To facilitate movement of the bubbler tube 52 within the housing 28, the end of the bubbler tube may be shaped like a nut as it emerges from the housing 28. Thus a suitable wrench or the like may be placed on the nut 60 to adjust the position of the bubbler tube within the housing 28. The reason for adjustment of the bubbler tube will be more fully understood in connection with other facets of this invention as they are explained.

Referring to FIGS. 2 and 3, there is shown on the end of the housing 28 nearest the workpiece 34 two pair of shoes 62 and 64. Each pair of shoes 62 and 64 include shoe plates, whereby shoe 62 includes shoe plates 66 and 68 and shoe 64 includes shoe plates 70 and 72. The shoe plates are rectangular in shape and are comprised of a relatively hard material, for example tungsten carbide in one preferred embodiment. The shoe plates are connected to the outside of the housing 28 by suitable brackets 74 and 76 and may be secured thereto by welding or the like. The shoe plates 66 through 72 are positioned in their respective brackets to bear against the workpiece 34 as it rotates, for example. Each pair of matching shoe plates, for example 70 and 72 are angled inwardly in a V shape, where the apex of the V would intersect the focal point of the ultrasonic energy focused from the radiating end 28 of the search unit 18. This will assist in focusing the ultrasonic beam in a manner normal to the outside periphery of the workpiece 34.

Referring now to FIGS. 2 and 3 collectively, there is shown, disposed substantially parallel to the end 80 of said housing 28, a plate 82. The end 80 and plate 82 may include a hole therethrough to which the connections 84 are made to couple the cable 16 into the search unit 18. The plate 82 is spaced a short distance from end 80 and is connected thereto on two sides thereof as shown in FIG. 5. A flexure member 86 connects plate 82 to end 80 at one side thereof. The member 86 is comprised of a relatively thin, flexible material which is capable of flexing as the plate 82 is moved relative to end 80. The other side of the plate 82 and the end 80 is connected by a spring and nut-and-bolt arrangement 88 to facilitate this arrangement. A pair of appendages 90 and 92 are provided which protrude on the side opposite the flexure member 86, each having a hole therethrough aligning with each other. A pair of recesses 94 and 96 are formed into the appendages 90 and 92 respectively and face one another. A spring 98, which in this embodiment is shown as a coil spring, is disposed within the recesses 94 and 96. A nut-and-"bolt 100 isv disposed through the hole in the appendages 90 and 92 and through the coil of the coil spring 98.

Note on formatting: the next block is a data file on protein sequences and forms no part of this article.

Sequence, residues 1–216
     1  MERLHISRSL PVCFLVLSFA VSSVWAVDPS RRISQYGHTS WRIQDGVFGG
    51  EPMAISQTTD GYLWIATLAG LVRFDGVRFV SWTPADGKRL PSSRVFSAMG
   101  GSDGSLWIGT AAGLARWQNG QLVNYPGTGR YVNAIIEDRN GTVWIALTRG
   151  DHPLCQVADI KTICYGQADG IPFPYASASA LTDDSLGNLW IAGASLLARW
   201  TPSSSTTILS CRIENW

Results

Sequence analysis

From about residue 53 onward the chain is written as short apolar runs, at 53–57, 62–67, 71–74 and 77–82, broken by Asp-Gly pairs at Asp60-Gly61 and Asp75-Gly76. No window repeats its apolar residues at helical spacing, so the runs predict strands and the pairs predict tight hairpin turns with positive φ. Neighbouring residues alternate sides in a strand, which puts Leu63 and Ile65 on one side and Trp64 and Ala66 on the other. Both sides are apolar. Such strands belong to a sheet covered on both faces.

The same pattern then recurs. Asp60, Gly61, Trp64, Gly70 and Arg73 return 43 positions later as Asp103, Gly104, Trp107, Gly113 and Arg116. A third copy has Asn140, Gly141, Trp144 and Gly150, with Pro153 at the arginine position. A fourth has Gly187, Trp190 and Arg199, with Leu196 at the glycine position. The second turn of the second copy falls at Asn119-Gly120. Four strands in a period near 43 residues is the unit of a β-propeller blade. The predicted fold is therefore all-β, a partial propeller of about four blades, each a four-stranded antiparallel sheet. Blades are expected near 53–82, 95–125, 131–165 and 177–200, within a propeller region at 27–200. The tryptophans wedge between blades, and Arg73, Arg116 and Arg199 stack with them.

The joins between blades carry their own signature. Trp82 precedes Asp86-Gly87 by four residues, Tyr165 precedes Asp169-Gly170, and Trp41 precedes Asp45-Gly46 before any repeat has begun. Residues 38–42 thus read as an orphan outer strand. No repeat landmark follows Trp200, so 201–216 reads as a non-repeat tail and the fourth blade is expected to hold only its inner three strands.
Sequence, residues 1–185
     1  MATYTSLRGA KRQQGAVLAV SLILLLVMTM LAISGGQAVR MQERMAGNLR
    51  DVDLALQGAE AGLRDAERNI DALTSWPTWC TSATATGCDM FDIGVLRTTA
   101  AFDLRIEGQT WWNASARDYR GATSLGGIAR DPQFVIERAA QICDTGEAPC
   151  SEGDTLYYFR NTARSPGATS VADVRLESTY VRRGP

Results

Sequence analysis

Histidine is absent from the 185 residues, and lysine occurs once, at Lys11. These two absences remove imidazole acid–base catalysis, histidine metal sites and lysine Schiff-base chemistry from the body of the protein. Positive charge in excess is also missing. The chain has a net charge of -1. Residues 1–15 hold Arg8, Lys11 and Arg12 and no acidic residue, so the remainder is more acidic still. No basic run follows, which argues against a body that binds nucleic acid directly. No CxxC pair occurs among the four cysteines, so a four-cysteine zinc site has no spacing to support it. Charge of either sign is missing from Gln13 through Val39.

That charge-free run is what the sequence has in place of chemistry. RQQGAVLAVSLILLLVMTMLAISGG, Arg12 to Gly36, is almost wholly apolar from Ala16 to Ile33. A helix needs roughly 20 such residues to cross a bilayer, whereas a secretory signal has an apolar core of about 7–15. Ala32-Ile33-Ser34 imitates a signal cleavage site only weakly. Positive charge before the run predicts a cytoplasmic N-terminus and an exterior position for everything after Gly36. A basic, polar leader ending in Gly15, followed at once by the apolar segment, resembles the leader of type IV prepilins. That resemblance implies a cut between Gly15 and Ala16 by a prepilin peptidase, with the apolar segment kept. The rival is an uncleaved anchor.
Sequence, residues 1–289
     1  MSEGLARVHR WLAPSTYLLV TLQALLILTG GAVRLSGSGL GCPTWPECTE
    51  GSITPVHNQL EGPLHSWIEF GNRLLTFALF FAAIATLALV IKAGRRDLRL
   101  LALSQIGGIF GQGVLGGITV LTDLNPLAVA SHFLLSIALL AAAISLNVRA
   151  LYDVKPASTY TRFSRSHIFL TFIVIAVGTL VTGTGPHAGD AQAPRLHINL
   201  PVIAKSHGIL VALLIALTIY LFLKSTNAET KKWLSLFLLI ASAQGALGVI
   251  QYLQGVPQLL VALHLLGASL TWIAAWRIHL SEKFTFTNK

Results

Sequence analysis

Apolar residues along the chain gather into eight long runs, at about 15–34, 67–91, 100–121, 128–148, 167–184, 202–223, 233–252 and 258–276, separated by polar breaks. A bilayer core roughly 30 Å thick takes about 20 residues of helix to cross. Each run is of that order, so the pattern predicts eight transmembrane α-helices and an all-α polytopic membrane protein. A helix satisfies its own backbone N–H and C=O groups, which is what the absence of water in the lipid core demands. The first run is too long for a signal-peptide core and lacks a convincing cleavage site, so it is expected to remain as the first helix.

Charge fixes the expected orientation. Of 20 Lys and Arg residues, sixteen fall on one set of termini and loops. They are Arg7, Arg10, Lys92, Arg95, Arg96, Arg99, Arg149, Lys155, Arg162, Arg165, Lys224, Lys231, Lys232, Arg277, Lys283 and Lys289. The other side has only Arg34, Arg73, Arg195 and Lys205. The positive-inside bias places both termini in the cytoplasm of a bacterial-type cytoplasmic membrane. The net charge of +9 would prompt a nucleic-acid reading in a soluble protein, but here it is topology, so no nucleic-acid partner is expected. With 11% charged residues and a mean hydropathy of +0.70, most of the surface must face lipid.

A further plate 102 is provided parallel to the plate 82 and is connected to the plate 82 in a manner similar as the plate 82 is connected to the end 80. That is, by a flexure member 104 securing the plates 82 and 102 together by suitable bolts 106. Similar appendages 108 and 110 protrude from the plates 82 and 102 in a similar manner with a spring 112 positioned between the plates 108 and 110. A nut-and-bolt arrangement 114 couples the appendages 108 and 110 together and holds the spring 112 therebetween.

Plate 102 is normally fixed in a stationary position as shown in FIG. 1, and the workpiece 34 is designed to rotate as the in- :spection is performed. At times it has been found that because of irregularities and deformities of the workpiece, the rotation thereof is not in a precise manner; that is, the center line of the workpiece tends to move from one position to another. As this is done, the flexures and the spring mechanisms on the end 80 and plates 82 and 102 will allow the housing 26, and thus the search unit 18 therein, to float" over the workpiece 34, thus assuring that the beam of ultrasonic energy radiated from the search unit 18 is always normal to the outside radius or periphery of the workpiece 34.

When a change is made from a small workpiece to a large workpiece, for example, the bubbler tube 50 is threaded outwardly so that the end thereof will be extended closer to the radius of the workpiece 34 to assure the stream of water from within the cavity 36 is fed directly onto the workpiece area being tested. Likewise, when a small workpiece is used, the workpiece then is nestled closer into the shoes 62 and 64 against the plates 66 and 68 as shown in FIG. 3, for example. When this happens the bubbler tube 50 is threaded back into the housing 28 to accommodate the smaller size.

With reference now to FIG. 6 there is shown a block cut in a manner to perform the functions of the flexure members 86 and 104. Specifically, a block 120 comprised of a resilient hard plastic, for example, has a first cut 122 therein. Cut 122 is horizontal or on the plane parallel to side 124. This cut 122 ends before it reaches side 126, so that a thin strip 128 remains intact which then functions as a flexure. A similar cut 130 is cut parallel to cut 122, except cut on a difierent axis.